Mathematical Models Allow Brandt to Predict Political Turmoil
By Joseph Wu, EPPS Freshman
Is it possible to predict political turmoil and trends in terrorism? According to Patrick T. Brandt, an associate professor of political science, the answer is affirmative.
Brandt says international terrorism and other databases on political conflict that contain entries on most known acts of terrorism in the past few decades, have facilitated his research, which enables him to predict the patterns most likely to occur in the future. Similar models make it possible to forecast civil wars and political turmoil, however Brandt points out that the recent slew of revolutions and civil wars in the Middle East could have an impact on the accuracy of the models.
These data also make it possible for him to identify trends. For example, Brandt has found that civilians are becoming more common targets of terrorist attacks as increased security measures make government officials and other important people more difficult to target. However, Brandt adds that the chances of a single person being unlucky enough to actually be caught in the attack are very small.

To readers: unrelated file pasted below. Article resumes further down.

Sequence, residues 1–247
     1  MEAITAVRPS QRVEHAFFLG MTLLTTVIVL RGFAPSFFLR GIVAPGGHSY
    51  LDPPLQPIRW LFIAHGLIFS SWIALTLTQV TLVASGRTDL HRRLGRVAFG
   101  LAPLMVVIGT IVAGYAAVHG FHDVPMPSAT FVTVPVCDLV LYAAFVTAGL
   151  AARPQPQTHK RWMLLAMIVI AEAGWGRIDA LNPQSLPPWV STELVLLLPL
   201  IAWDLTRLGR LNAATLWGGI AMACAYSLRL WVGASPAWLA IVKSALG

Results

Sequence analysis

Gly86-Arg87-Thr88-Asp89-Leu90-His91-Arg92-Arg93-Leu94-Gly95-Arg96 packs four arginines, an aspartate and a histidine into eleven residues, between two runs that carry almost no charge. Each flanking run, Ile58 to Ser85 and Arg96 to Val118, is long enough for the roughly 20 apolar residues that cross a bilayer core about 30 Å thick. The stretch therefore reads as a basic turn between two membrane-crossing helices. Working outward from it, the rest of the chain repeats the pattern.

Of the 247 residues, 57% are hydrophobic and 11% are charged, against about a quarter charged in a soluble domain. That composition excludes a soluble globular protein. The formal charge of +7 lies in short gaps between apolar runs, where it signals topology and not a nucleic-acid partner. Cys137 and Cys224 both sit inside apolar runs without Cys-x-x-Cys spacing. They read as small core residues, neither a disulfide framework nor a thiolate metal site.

Brandt's research highlights the importance of mathematics in political science. Huge amounts of data plugged into the right mathematical models can give accurate results. For example, opinion polls conducted by professional pollsters accurately predicted Obama's recent victory, with the only uncertainties being the margin of error, regardless of how long the pundits would continue to debate the outcome.
Brandt points out that political science graduates with strong skills in statistics and calculus are likely to find jobs more easily. Analyzing and understanding patterns, then predicting and modeling them, is always in demand.